"In many decisions it has been held that a complaint, defective because it was not verified, or verified upon information and belief, did not affect the jurisdiction of the court and that the right to be charged by a properly verified information can be waived. (Citations.) So far as the objection of want of verification is concerned, therefore, the unverified traffic ticket complaint used in this case would have sufficed to give the court jurisdiction if the defendant had waived the objection by going to trial without raising it, or by a plea of guilty.

"The adoption by this court of the rule which authorized the use of the unverified form of Illinois Uniform Traffic Ticket and Complaint was not intended to dispense with the statutory requirement of a verified complaint, and we hold that a defendant who does not waive, by plea of guilty or by proceeding to trial without objection, the defective verification of a complaint, is entitled to be prosecuted upon a complaint which states upon the oath of the complainant the facts constituting the offense charged."

[2-5] The most that can be said for the requirement of verification of a traffic ticket and complaint, such as that before us, is that the Code of Criminal Procedure continues the requirement that a complaint be verified in order to sustain a criminal prosecution. (Ill Rev Stats 1965, c 38, par 111-3(b).) The lack of verification, however, does not affect the jurisdiction of the court. The right to be charged by a properly verified complaint can be waived and, in fact, is waived unless the accused pleads guilty or proceeds to trial without an appropriate pretrial motion or objection. People v. Harding, supra, 482, 483; Village of Willowbrook v. Miller, 72 Ill. App.2d 30, 34, 217 N.E.2d 809, (1966). The want of verification was not appropriately raised in the case at bar, and accordingly, we hold that the defendant has waived any right to object to the lack of verification.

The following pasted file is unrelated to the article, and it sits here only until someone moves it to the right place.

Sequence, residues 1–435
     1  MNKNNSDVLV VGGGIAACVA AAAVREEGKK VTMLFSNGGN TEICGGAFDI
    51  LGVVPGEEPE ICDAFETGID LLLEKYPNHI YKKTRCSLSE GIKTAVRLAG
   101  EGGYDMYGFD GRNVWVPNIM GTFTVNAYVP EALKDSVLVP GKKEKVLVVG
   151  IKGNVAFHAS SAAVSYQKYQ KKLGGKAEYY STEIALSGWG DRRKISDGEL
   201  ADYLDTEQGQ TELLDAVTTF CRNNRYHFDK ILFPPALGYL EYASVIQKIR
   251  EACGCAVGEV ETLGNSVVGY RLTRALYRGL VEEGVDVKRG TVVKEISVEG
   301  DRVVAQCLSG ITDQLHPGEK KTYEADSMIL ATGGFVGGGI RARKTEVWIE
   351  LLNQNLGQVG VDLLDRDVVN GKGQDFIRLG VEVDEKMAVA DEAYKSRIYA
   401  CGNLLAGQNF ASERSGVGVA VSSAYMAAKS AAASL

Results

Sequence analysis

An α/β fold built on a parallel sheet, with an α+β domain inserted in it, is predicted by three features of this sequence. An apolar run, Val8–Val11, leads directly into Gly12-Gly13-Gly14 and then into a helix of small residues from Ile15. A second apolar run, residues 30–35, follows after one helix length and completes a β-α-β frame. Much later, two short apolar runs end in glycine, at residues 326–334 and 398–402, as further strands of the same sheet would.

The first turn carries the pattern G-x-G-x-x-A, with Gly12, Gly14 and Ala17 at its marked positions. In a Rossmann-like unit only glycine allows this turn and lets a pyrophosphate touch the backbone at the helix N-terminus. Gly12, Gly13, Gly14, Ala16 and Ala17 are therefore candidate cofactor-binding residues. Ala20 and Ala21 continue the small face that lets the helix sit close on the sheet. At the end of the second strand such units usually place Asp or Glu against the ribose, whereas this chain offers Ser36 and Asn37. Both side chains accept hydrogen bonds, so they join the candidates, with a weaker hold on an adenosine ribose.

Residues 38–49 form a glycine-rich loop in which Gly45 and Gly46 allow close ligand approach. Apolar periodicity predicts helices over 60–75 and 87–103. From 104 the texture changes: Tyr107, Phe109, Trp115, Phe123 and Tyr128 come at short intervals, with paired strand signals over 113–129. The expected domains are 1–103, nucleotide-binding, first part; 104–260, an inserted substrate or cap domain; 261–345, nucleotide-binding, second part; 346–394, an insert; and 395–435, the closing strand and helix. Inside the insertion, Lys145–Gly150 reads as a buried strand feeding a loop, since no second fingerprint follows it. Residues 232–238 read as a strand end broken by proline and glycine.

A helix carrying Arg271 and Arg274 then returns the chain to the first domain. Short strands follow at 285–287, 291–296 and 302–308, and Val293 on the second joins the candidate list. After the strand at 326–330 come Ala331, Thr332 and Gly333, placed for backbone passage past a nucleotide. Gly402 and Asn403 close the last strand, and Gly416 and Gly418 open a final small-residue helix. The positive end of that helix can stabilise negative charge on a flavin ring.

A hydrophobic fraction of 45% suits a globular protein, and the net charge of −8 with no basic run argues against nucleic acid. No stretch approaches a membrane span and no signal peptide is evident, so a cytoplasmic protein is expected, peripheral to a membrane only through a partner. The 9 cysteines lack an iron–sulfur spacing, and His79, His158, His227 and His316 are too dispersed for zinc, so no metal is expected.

The defendant further contends that the complaint was defective on the ground that it failed to sufficiently charge him with the offense of drag racing, in that an essential element thereof is that the defendant engaged in a racing competition; and that the omission of this allegation in the complaint rendered it fatally defective. The traffic ticket and complaint charged the defendant with committing the offense of "drag racing in violation of section 48.1 of the UART, on July 25, 1966, at 9:35 p.m., at North Avenue — west of Trevor Rd. in Lake County, Illinois." (Ill Rev Stats 1965, c 95 1/2, par 145.1.)

Section 111-3(a) of the Criminal Code (Ill Rev Stats 1965, c 38, par 111-3(a)) sets forth the requisites for a valid criminal complaint:

"A charge shall be in writing and allege the commission of an offense by:

"(1) Stating the name of the offense;

"(2) Citing the statutory provision alleged to have ...